Pearls: “I am successful. You are successful. And I’m wondering: are you happy?”

By Dan Ayer, Co-Founder, Oyster Creative

Last week, Jeff and I took the team out to see Roadrunner, the new film about Anthony Bourdain’s life.

Not exactly the most uplifting idea for a team outing. But an important one.

Due to the pandemic, we haven’t had a chance to be together as a team much and I think it’s taken a toll on all of us (me for sure).

Most of you know how the story of Anthony Bourdain’s life ended, but the film tries to gain an understanding as to why. How could someone who has not only their dream job — but literally THE dream job — end their life?

I was lucky enough to dine in the same room with Anthony Bourdain in 2017 as part of his Pittsburgh episode of Parts Unknown and long before that loved the authenticity of writing and the stories he told.

But this story isn’t about him. It’s about me.

Now, I’m not comparing starting Oyster with Jeff to jet-setting around the world to dine with everyone from Iggy Pop to Obama, but it’s become my dream. And, if I do say so myself, it’s become pretty successful.

Jeff and I merged two companies, survived a pandemic where we were able to keep and grow our team, and are creating work we are truly proud of.

That success made me think long and hard about an email Anthony Bourdain sent a friend in the documentary:

“Dude, this is a crazy thing to ask, but I’m curious, and my life is sort of shit now. You are successful, and I am successful, and I’m wondering: Are you happy?”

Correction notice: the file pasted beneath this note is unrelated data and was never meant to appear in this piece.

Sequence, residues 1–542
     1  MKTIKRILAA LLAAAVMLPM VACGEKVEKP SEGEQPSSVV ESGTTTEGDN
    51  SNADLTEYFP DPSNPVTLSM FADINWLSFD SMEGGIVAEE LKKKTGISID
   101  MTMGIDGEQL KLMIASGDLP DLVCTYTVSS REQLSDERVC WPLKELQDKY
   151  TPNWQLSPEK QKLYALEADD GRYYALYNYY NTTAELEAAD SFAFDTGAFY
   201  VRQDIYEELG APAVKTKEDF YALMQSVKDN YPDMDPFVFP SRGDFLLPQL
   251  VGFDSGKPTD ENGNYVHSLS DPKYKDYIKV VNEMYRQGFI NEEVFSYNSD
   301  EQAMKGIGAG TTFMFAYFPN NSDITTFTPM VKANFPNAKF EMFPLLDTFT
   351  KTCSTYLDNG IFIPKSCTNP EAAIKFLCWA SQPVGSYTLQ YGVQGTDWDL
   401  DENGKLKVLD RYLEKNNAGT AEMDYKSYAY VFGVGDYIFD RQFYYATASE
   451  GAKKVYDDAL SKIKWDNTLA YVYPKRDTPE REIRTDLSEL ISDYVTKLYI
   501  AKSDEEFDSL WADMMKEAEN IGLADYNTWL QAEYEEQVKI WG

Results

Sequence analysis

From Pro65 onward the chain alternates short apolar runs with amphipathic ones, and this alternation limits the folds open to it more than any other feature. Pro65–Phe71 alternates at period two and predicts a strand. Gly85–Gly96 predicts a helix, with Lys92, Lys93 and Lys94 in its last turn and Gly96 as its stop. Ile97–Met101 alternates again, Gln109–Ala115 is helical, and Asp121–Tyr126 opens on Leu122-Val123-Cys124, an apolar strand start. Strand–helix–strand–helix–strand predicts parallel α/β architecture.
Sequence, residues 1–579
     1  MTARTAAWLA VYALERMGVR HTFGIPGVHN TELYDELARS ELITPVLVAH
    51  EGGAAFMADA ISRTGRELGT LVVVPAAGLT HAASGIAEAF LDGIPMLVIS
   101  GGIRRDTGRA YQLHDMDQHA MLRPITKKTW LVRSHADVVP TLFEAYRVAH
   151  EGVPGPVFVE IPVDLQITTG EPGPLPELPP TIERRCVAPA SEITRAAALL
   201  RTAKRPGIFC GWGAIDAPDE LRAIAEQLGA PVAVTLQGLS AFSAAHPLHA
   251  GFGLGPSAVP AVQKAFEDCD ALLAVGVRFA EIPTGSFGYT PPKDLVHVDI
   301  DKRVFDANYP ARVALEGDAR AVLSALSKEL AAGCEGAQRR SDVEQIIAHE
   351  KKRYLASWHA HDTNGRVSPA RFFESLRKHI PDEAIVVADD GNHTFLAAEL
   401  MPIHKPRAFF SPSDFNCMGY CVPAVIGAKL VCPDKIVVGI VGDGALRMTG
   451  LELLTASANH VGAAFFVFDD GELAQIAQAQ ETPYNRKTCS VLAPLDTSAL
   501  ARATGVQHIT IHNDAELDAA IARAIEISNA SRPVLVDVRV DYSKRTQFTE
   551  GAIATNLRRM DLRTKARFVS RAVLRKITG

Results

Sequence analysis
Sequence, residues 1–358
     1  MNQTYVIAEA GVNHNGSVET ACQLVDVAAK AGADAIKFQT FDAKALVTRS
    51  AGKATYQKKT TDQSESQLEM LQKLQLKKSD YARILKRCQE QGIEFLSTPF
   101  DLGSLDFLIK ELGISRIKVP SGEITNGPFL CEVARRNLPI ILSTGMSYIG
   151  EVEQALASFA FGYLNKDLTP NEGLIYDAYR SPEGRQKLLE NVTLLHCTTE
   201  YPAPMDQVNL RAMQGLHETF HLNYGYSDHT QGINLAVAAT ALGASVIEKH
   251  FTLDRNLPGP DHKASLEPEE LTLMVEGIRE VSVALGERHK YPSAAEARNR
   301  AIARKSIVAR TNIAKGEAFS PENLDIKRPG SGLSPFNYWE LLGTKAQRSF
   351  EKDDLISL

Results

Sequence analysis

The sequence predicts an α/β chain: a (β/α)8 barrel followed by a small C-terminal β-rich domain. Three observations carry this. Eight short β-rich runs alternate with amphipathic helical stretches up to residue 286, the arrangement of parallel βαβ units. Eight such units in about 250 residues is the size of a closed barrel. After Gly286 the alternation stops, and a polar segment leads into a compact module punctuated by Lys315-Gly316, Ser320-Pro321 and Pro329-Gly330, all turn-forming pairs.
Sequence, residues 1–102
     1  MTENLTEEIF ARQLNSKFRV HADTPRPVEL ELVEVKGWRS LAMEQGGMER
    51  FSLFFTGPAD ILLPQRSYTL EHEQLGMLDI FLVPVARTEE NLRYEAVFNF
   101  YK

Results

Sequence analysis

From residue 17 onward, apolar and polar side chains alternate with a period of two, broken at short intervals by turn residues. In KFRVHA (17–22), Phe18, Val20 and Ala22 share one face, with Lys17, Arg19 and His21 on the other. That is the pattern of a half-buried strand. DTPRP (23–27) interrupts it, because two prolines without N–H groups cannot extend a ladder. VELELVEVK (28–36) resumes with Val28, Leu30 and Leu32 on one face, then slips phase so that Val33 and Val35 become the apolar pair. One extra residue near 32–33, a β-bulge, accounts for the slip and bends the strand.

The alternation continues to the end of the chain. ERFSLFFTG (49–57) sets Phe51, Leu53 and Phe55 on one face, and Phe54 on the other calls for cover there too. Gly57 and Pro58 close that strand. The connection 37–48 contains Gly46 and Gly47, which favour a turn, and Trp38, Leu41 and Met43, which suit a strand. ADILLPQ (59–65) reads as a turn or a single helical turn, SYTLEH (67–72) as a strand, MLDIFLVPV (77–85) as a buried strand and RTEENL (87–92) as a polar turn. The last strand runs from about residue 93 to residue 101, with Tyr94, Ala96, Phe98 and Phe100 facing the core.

It takes unimaginable courage to reach out and say you aren’t doing so well. That you are hurting. That you need someone or something.

I know this. Because I’ve been there.

In 2015, I experienced a bout of depression (and it’s really shitty cousin anxiety) that rocked me to my core. I legitimately felt like I was dying on a day-to-day basis for several months. If I wasn’t convinced I was having a heart attack one minute, I was passed out on the couch from the stress of it the next.

And I can tell you this — I would never have gotten off the couch if it wasn’t for my family, friends and a friend-who-turned-into-my-wife. The Internet’s character count isn’t large enough to allow me to describe their — and her — support.

Fast forward six years later and I’m still dealing with the impact. I still enter periods of depression and my anxiety is still a problem I deal with on a regular basis.

So why did Anthony’s email have such an impact on me?

Back in 2015, I was afraid that mentioning my struggle to co-workers or people in the highly competitive ad industry would make me look weak or not up to the challenge of being a success. That if I revealed my pain, I would be relegated to some sort of second string or thought of as damaged.

And that’s why I am writing this post today.

Because that thinking is the exact thing we need to remove from our industry.

We all know that we need to offer support and understanding to people dealing with their mental health. And that there should be no stigma attached to talking about it or any perception that mental health issues are a sign of weakness.

But in this industry our job is to be communicators and storytellers. That means we have to be some of the very first people open to talking about mental health and telling stories that erase stigma and promote actions to address it.

I hope there are a few people who look at Oyster and see what we have built as a team and would like to be in our waders some day.

But more importantly, I know that there are more than a few people who are struggling and afraid that admitting it will prevent them from being a success or being happy.

I am here to tell you — it won’t.

How to get help: In the US, call the National Suicide Prevention Lifeline at 1–800–273–8255. The International Association for Suicide Prevention and Befrienders Worldwide also can provide contact information for crisis centers around the world.

Raw ideas to real results. Creative agency based in Pittsburgh, PA.